Review by Sean Boelman
Chichinette: The Accidental Spy, directed by Nicola Hens, is a new documentary film focusing on an unsung hero from WWII. Although it doesn’t quite take full advantage of its extraordinary subject and her stranger-than-fiction story, it is still a relatively entertaining and inspiring documentary.
The movie tells the story of Marthe Cohn, a now ninety-eight-year-old Jewish woman who served as a spy during WWII and has gone on to become a prolific speaker talking about her own story. Although there have been plenty of stories about spies during the war, and also plenty of stories about the Jewish people fighting back against oppression, very seldom are these stories told from a female perspective.
Pretty much everything about Cohn’s story is extremely inspiring, from fighting for what she believed in to teaching others about compassion. People of all ages can see her story and how she made a positive impact on the world in which she lived and be inspired to leave their own mark on the people around them.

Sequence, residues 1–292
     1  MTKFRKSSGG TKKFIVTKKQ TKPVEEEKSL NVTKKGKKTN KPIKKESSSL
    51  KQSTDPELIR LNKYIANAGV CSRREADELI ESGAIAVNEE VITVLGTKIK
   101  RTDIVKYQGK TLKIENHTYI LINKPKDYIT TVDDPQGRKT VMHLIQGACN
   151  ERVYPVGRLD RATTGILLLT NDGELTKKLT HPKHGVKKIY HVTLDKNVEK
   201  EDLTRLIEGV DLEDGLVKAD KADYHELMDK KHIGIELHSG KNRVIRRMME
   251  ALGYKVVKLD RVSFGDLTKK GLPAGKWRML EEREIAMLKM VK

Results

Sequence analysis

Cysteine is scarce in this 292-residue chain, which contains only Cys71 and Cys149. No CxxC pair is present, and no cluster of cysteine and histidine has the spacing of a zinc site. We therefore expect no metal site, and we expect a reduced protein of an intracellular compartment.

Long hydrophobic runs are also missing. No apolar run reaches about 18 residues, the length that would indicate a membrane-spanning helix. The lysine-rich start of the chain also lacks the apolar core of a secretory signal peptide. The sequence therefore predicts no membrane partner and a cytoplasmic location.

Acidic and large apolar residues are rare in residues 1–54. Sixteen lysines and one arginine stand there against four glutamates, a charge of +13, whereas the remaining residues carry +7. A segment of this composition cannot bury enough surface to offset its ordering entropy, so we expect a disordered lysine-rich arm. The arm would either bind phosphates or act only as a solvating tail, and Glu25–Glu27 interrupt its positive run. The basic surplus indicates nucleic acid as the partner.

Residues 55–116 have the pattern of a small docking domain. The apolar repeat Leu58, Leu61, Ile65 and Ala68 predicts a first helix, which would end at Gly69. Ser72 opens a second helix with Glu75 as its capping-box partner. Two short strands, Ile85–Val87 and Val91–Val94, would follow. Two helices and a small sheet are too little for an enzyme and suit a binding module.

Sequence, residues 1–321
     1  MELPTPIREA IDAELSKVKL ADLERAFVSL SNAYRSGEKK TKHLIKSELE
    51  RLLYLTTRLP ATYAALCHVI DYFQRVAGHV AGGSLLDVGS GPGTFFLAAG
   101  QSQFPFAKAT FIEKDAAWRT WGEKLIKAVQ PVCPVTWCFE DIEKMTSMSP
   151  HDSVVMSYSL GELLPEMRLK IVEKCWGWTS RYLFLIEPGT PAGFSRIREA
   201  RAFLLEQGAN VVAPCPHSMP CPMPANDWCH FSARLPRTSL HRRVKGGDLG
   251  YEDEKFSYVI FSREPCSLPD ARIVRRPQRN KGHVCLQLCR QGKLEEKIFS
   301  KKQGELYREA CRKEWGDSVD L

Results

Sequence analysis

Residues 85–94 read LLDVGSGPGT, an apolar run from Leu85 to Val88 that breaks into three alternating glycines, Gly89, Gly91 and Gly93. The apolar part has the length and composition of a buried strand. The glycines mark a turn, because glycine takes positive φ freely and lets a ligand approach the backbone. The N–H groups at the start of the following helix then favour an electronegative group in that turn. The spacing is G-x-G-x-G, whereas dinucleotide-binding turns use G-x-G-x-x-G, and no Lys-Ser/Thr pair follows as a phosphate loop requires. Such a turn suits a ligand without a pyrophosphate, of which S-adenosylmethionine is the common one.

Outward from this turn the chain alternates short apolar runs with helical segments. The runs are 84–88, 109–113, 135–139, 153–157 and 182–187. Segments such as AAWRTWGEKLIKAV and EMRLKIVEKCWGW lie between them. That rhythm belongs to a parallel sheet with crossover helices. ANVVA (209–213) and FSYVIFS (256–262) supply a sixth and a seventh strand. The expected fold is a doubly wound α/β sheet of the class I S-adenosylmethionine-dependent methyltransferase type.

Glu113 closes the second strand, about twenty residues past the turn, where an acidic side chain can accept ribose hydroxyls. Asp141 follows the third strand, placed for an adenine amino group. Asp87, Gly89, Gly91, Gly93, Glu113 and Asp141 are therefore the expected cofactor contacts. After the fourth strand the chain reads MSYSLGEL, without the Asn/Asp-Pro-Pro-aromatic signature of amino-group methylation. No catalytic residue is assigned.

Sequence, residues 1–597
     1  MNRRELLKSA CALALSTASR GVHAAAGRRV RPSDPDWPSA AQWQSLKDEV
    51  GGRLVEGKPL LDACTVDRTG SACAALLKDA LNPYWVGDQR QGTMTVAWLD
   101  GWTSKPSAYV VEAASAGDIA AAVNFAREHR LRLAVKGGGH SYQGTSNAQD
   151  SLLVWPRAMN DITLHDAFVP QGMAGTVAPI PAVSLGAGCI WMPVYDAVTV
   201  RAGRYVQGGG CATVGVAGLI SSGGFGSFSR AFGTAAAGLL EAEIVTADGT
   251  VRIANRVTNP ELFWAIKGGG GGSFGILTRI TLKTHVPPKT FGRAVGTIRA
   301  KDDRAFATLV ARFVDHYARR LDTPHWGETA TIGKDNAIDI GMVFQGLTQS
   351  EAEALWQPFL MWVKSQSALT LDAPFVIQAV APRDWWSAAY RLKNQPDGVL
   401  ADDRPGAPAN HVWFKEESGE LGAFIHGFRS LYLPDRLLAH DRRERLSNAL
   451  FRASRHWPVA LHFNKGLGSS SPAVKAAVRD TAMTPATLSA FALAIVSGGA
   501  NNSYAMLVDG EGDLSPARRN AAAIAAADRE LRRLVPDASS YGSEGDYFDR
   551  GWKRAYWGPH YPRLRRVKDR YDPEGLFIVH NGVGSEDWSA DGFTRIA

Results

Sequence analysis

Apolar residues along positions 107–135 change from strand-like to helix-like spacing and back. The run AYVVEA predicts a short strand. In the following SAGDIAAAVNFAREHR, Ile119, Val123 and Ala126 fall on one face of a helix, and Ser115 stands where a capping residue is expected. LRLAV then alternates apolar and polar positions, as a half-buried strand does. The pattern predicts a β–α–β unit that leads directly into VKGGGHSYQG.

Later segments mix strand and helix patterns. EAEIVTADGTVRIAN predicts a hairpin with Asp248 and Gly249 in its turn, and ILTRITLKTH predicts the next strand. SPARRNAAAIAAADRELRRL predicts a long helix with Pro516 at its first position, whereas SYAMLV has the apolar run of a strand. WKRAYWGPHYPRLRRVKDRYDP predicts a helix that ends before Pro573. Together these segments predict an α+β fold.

Perhaps the most interesting thing about Cohn is that, even at the age of ninety-eight, she continues to help people in her own way. As is the case with many films about WWII, the main moral of this story is to treat others with humanity. By looking back at the darkest hour and those people, like Cohn, who remained a source of light, society can learn how to deal with the other troubles they may face.
As one would expect, Cohn is an extremely compelling protagonist. Although she doesn’t show a lot of growth over the course of the movie, she had already completed her emotional arc before the camera ever turned on her. All of the interviews with Cohn are absolutely captivating thanks to her magnetic personality that comes across very well on screen.
The most significant shortcoming of the film is that it is a bit unevenly paced. Even though the movie is less than an hour and a half long, it does start to feel a bit repetitive at times. Some of these derivative sequences could have been cut out and the film as a whole could have been even more captivating.
On a technical level, the movie is quite strong. Hens tells Cohn’s story with a combination of archive images, interviews with Cohn, and footage from some of Cohn’s speeches about her experiences. While this combination of methods is pretty safe and typical, it is effective nonetheless because it conveys the story in a relatively concise and aesthetically-pleasing way.
Chichinette: The Accidental Spy may be made in a relatively by-the-book way, but the story is by no means average. Because the film’s subject is so fascinating, this documentary ends up being quite satisfying.
Chichinette: The Accidental Spy is now playing in theaters.